Rehabilitation of Leprosy afflicted people
"Leprosy, also known as Hansen's disease, is the oldest known disease to mankind. Surprisingly still considered a sin of one’s past birth, caused by a germ Mycobacterium leprae attacks the nerves of the hands, feet and face and, if left untreated can take away the ability to move fingers, toes and eyelids. It may destroy the ability to feel pain so those affected are prone to injuries which can result in serious infection and ultimately, the loss of fingers, toes and sight.
These physical effects coupled with the social stigma born of fear and misunderstanding, often lead to those affected being rejected by family and community, and to a loss of income for the person affected. This fear of rejection and misunderstanding about leprosy also means that some are afraid to come forward to seek treatment in the early stages of the disease."
Baba Amte, who saw beauty in these massive ruins of Leprosy maimed human beings, realized that what was needed was an establishment where leprosy patients could not only be treated but could be taught to be self-supporting. This, he was convinced, could get to the root of the mental depression, derived from the sense of being useless and unwanted, a serious feature of the disease and which psychologically tends to inhibit recovery. The patient gets engulfed in the whirlpool of deformity, disability and depression. He knew that what the afflicted needed above all was hope, dignity and self-respect.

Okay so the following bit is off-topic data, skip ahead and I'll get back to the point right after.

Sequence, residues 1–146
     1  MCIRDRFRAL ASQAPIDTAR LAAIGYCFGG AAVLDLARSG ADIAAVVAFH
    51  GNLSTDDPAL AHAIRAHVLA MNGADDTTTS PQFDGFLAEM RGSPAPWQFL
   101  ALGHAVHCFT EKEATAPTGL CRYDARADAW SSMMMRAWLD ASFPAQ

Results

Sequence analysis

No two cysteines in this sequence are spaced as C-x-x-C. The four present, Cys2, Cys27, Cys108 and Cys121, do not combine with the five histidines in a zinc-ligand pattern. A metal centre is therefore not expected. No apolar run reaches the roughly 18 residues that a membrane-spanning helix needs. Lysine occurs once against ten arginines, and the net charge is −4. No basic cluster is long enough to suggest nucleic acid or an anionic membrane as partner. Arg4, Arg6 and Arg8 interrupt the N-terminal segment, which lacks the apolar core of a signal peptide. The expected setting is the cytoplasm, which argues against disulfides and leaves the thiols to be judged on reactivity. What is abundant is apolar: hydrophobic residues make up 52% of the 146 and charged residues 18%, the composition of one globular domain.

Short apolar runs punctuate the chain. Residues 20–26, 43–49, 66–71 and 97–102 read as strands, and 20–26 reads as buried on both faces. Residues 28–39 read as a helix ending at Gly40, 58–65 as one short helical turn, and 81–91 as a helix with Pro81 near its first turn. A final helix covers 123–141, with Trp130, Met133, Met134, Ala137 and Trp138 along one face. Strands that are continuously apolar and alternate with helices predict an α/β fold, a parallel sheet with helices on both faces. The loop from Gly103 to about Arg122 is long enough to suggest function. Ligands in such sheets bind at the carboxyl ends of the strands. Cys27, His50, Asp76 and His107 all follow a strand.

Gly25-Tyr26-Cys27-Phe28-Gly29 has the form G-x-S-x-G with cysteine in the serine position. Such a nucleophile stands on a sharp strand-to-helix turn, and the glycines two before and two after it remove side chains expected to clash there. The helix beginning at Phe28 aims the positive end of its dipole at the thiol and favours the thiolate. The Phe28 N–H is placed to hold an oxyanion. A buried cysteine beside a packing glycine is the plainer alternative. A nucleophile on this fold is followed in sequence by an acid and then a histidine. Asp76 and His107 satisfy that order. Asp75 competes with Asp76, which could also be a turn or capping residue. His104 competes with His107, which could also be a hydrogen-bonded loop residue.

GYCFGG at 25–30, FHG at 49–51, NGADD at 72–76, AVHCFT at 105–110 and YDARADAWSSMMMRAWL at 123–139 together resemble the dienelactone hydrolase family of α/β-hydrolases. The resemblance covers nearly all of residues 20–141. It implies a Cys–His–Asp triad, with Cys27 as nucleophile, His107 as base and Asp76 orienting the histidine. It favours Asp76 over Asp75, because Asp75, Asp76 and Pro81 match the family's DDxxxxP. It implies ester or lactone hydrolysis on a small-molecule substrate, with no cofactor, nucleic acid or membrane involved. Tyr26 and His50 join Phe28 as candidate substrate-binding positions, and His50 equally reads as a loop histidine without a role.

One of Baba's deepest convictions is that charity is destructive and that only work can truly build a whole human being. Thus were born Anandwan’s various vocational training centers for the Leprosy afflicted and now even for the physically challenged - Carpentry and Metal Fabrication Units in 1960, 'Sandhi Niketan, the Home of Opportunities' in April 1970, Handloom and Power Loom Weaving Units in 1973, Yuvagram, the youth training center in 1990 etc. - each one aimed at granting its trainees a new lease of life. Such 139 activities, have gradually transformed destitute, depressed and rejected social outcastes into independent economic propositions who now contribute handsomely to the national exchequer.
Baba calls this the Mother's Approach. "A mother holds her young one's finger and teaches him how to walk. I feel the same pride she feels when I see my children independent, assured and confident." His endeavour to change the course of abandoned and neglected lives continues through his equally capable and committed family in the various projects they undertake.